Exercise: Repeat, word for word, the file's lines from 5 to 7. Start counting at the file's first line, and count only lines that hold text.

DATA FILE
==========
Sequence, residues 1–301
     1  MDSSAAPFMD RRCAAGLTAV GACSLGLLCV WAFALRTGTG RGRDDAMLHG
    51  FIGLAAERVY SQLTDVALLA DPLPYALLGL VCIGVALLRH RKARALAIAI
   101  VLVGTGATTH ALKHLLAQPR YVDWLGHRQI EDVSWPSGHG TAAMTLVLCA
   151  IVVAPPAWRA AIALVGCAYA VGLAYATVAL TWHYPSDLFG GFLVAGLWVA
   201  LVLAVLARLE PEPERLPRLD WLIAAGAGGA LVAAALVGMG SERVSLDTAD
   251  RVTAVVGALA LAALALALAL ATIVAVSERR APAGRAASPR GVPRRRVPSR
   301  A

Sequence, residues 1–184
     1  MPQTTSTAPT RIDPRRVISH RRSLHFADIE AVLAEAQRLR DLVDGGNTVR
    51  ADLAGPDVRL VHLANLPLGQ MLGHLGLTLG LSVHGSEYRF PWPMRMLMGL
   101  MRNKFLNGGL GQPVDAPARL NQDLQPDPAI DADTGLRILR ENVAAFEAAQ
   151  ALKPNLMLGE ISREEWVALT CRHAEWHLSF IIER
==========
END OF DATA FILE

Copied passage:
   151  IVVAPPAWRA AIALVGCAYA VGLAYATVAL TWHYPSDLFG GFLVAGLWVA
   201  LVLAVLARLE PEPERLPRLD WLIAAGAGGA LVAAALVGMG SERVSLDTAD
   251  RVTAVVGALA LAALALALAL ATIVAVSERR APAGRAASPR GVPRRRVPSR